Posts Tagged Narayana
The Three Logoi as defined in Theosophy
This follows the definition of Helena Blavatsky as it’s described in blavatskytheosophy.com, a serious Theosophical site.
THE FIRST LOGOS is always referred to as the Unmanifested Logos. It is symbolised as the point in the centre of the circle, the circle representing the boundless infinite Absoluteness of Parabrahm and the point marking the very beginning – or rather the re-beginning – of differentiated existence after the Great Night of the Universe (Maha-Pralaya) in which there was nothing – “neither sound nor silence” – but the undifferentiated, unconditioned, infinite, absolute Parabrahm Itself.
The First, Unmanifested, Logos is also called the highest Logos. It is said that it is out of space and time and is “latent potentiality” only. The First Logos is the “potentiality” of the Universe, whilst the Second Logos is the “potency” of the Universe. The Second emanates from the First. Being only latent, potential, and unmanifested, the First Logos is very close to the Absolute and indeed is Its direct radiation. It is not really possible to say any more about it than this. But in the teachings of Theosophy we notice that Atman, the highest Principle of the human constitution, is sometimes spoken of as corresponding to the Unmanifested Logos, whilst most of the time it is equated with the Absolute. This is not a contradiction, as may appear on the surface, but is actually a clear indication of something.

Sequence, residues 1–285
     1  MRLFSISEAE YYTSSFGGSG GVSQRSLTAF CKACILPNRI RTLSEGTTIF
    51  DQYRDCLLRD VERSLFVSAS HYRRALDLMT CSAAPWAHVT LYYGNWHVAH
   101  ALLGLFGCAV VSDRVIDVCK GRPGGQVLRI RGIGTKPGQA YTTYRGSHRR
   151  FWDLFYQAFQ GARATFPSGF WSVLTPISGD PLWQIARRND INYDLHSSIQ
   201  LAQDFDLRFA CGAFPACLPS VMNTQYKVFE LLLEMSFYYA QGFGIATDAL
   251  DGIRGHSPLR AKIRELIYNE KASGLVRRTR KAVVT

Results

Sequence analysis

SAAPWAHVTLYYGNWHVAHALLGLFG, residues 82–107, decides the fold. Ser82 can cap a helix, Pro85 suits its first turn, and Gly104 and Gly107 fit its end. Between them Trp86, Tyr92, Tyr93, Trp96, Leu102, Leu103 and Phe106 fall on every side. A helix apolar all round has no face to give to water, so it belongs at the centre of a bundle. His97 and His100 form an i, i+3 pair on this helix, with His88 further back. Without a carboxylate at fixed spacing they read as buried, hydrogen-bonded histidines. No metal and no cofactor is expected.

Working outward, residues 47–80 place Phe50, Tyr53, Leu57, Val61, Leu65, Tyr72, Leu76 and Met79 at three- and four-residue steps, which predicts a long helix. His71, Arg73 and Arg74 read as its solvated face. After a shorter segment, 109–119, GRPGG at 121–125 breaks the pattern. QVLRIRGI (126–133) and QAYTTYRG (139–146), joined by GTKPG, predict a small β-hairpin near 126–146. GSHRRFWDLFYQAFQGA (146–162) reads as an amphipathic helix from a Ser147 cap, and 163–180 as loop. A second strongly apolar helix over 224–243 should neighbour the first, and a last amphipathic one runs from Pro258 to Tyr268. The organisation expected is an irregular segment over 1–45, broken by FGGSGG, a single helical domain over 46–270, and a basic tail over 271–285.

THE SECOND LOGOS is the Manifested Logos. In and of itself it is actually only “the semi-manifested” for it manifests through and as the Third Logos. In “Transactions,” HPB speaks of it as “the Universal and Intelligent Soul, Divine Ideation, combining the ideal plans and prototypes of all things in the manifested objective as well as subjective world.”
Whilst the First Logos is described as “latent potentiality,” the Second is described as “differentiated consciousness.” We are told that space and time commences with the emanation of the Second Logos from the First Logos. The Unmanifested is the potentiality; the Manifested is the potency.
It is this Logos which is the Universal Mind, spoken of in Hinduism as Mahat, which literally means “The Great.” And as the Hindu allegories show, the Divine Mind produces “seven mind-born sons” which go on to play major and important roles throughout the Universe. The synthesis of these seven – which are actually seven rays, seven powers, or seven forces – is what Theosophy calls the Third Logos.
THE THIRD LOGOS is referred to variously as the Seven Rays, the Seven Creative Powers, or the Seven Logoi. The Second Logos contains in itself the Third Logos and manifests through and as this Third Logos, as was mentioned a moment ago. If we call the First Logos latent potentiality and the Second differentiated consciousness, we can refer to the Third as the ultimate differentiation of the Second, in the form of individualised cosmic forces. From them “will proceed the innumerable series of Hierarchies.”